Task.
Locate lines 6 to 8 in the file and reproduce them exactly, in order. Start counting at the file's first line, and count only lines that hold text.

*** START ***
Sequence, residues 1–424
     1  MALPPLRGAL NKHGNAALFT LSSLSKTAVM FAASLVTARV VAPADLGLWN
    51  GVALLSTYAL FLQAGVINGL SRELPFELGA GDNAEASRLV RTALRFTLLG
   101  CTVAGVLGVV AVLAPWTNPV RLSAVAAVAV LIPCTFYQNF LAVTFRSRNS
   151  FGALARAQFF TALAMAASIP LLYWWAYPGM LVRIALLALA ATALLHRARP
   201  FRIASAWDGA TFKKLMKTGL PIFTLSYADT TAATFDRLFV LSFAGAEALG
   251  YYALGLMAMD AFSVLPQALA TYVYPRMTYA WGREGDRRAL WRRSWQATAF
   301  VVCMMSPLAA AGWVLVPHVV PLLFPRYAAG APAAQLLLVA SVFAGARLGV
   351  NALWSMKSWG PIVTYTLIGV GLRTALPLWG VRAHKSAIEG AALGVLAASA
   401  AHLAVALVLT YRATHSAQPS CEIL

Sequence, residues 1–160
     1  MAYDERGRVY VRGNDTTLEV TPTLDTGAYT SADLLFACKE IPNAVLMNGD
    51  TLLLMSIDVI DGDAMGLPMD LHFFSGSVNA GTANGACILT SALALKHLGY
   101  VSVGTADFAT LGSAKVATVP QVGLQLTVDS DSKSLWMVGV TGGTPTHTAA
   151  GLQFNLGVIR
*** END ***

   201  FRIASAWDGA TFKKLMKTGL PIFTLSYADT TAATFDRLFV LSFAGAEALG
   251  YYALGLMAMD AFSVLPQALA TYVYPRMTYA WGREGDRRAL WRRSWQATAF
   301  VVCMMSPLAA AGWVLVPHVV PLLFPRYAAG APAAQLLLVA SVFAGARLGV